I was trying to coax my fiancée into a cozy weekend at home watching horror movies when a bunch of my coworkers skated over. Since it would look very unprofessional to put on a slasher film, but I still wanted something dark and haunting that would go with the weather outside, I decided to order some Atom Egoyan movies, since not only are they generally very good and distinctly Canadian in their atmosphere, but they signal extreme sophistication.
I asked one of my coworkers to skate to the store to buy chocolate bars so I could make my signature hot chocolate for the group.
We watched three Atom Egoyan movies (commenter Rockall suggested I rate the movies I write about, so I will do so):
Chloe (2009) 7/10: In this movie, a gynecologist played by Julianne Moore hires a beautiful and classy hooker played by Amanda Seyfried to seduce her professor husband played by Liam Neeson, as a test to see if he’ll remain faithful.
One thing I enjoyed about this movie was just the house where the gynecologist and the professor lived. The walls of the upstairs level were all made of glass. I see this a lot when I visit clients who live deep in the woods. They are too secluded to worry about strangers peaking into their window, but they want to peak out from every angle to enjoy the beauty of the surrounding wilderness.
Calendar (1993) 8/10: The movie is about a Canadian photographer of Armenian ancestry (played by Atom Egoyan himself) filming and photographing churches in Armenia to make a calendar, as a local driver tells him about the history, and the photographer’s wife (played by Egoyan’s real wife) translates what he’s saying into English so that the photographer can understand.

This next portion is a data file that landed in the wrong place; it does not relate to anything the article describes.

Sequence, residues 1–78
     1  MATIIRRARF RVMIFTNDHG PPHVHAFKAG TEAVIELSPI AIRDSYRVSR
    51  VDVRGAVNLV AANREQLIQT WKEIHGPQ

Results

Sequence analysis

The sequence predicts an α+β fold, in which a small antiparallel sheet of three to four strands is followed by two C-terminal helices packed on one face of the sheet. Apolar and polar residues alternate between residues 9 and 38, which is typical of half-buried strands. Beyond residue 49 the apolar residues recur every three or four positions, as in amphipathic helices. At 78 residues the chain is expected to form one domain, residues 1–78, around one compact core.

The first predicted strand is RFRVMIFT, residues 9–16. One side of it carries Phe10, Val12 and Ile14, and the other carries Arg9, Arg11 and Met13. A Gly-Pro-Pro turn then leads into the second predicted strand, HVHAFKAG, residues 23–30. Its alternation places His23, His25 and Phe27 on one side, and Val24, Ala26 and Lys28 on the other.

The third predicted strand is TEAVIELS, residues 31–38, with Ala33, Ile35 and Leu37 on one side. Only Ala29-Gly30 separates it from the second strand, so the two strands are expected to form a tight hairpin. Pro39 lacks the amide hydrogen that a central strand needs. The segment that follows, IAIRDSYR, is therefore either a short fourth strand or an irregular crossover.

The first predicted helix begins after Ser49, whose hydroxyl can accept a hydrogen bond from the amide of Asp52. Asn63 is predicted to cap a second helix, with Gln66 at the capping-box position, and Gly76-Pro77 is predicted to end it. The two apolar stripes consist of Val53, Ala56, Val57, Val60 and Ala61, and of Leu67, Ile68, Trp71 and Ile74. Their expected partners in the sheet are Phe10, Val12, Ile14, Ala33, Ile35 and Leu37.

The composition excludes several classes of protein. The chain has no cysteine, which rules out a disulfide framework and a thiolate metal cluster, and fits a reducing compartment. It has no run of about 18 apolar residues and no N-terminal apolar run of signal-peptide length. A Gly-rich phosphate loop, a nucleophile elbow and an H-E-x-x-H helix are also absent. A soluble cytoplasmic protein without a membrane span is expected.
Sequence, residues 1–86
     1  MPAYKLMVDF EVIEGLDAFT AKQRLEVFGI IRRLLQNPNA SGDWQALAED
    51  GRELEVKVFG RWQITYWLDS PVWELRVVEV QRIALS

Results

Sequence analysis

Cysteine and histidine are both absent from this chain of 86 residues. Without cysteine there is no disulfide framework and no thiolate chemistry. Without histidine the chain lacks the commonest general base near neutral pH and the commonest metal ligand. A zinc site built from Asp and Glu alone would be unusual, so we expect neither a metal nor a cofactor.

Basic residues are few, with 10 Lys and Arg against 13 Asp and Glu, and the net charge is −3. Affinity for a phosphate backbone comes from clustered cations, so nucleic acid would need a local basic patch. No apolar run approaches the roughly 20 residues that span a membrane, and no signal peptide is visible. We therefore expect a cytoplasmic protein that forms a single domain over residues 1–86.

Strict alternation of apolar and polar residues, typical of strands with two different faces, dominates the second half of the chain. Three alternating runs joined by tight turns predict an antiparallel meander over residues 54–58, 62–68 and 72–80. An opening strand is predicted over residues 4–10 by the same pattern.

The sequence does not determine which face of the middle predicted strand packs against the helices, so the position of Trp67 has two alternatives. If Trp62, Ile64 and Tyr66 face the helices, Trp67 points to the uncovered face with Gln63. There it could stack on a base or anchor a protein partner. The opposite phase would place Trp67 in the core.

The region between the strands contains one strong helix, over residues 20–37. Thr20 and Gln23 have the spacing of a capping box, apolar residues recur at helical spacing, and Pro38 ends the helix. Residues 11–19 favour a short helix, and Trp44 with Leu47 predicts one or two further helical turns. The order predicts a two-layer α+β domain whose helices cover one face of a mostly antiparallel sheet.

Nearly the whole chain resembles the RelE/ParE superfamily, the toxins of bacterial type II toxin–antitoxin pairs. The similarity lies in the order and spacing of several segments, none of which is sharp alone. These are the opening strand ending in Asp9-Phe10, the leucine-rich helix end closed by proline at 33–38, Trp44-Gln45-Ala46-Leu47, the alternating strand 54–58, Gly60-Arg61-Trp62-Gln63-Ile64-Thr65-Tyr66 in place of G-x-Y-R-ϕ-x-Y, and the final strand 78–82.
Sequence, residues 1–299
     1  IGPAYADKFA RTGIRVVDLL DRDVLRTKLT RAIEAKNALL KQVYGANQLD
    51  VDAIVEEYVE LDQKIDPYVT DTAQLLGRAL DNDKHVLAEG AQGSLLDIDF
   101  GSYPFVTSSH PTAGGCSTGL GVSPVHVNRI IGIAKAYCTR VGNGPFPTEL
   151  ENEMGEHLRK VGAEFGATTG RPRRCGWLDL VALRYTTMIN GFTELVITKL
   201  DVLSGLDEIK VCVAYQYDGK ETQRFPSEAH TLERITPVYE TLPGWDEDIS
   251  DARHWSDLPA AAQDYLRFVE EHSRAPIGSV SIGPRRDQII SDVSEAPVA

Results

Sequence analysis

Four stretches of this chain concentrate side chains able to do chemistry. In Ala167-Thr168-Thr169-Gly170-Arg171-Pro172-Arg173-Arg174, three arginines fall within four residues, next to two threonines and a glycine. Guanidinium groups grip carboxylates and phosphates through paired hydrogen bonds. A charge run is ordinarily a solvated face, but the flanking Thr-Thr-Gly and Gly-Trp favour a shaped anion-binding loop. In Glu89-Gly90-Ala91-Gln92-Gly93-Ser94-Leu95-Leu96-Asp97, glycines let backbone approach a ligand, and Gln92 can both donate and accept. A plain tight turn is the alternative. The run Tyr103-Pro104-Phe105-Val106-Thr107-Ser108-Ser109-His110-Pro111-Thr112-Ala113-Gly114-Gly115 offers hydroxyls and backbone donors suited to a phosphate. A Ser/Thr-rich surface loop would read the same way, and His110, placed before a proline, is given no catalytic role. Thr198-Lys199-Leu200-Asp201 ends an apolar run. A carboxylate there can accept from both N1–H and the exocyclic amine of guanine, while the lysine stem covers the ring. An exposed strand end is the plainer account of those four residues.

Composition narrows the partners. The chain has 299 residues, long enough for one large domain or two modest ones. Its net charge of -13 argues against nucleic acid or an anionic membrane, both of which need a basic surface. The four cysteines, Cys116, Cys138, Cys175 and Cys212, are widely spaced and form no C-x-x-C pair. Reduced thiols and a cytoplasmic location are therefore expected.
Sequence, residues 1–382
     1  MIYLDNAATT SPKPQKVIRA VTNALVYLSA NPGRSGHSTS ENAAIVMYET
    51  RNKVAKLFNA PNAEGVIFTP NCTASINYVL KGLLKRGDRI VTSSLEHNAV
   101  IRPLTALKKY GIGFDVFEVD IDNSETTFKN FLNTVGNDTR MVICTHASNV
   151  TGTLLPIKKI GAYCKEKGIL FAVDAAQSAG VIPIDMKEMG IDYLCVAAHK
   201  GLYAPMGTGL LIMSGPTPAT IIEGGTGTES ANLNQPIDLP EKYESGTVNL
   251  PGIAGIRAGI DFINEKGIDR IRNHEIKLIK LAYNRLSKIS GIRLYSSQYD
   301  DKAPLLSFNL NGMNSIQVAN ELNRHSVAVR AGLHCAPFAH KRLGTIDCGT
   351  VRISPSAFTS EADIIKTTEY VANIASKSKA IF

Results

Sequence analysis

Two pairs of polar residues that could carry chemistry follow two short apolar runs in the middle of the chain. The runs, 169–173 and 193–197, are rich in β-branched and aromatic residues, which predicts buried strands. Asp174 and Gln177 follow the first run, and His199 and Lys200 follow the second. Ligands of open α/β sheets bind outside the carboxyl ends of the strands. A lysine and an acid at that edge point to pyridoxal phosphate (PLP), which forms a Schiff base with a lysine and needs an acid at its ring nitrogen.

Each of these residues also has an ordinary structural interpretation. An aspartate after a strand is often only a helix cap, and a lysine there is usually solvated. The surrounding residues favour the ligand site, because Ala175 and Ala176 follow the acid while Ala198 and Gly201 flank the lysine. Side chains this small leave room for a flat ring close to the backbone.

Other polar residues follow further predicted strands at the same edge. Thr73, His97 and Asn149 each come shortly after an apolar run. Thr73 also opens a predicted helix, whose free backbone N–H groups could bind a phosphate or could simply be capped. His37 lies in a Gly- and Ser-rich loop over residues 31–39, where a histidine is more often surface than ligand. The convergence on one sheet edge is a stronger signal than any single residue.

I think you generally need an IQ of at least 115 to enjoy this movie, otherwise you’ll be bored out of your mind and the whole thing will seem tedious and pointless. First you need to be smart enough to understand the nonlinear narrative structure, because the movie keeps flashing from the present to the past.
You also need to understand the tension slowly building between the photographer and his wife, who in very subtle ways, makes him feel like he’s not Armenian enough since he doesn’t know the language and doesn’t even seem to care about the history, but is only there to create a calendar he’s been hired to make.
The film is ultimately about being disconnected from your past and that sense of not belonging anywhere, that so many children of immigrants feel.
The Sweet Hereafter (1997) 10/10: This one of the best movies I have ever seen in my entire life. It’s about a lawyer who comes to a small snowy town to get the parents of children who were killed or paralyzed by a school bus accident to join a class action law suit. Meanwhile his drug addict daughter is constantly phoning him asking for money.
Like Calander, the film is hauntingly beautiful and constantly flashing between past and present. The film is about how part of being a parent is accepting the death of your kids. As the lawyer explains, “all our kids are dead to us”. For his drug addict daughter is dead metaphorically, his client’s kids are dead literally from the accident, and a surviving child is dead in ways we don’t fully understand until late in the film. Meanwhile the nation’s teenagers wander through shopping malls like zombies. The entire film is set against the backdrop of the winter landscape; the season where we’re surrounded by the death of nature.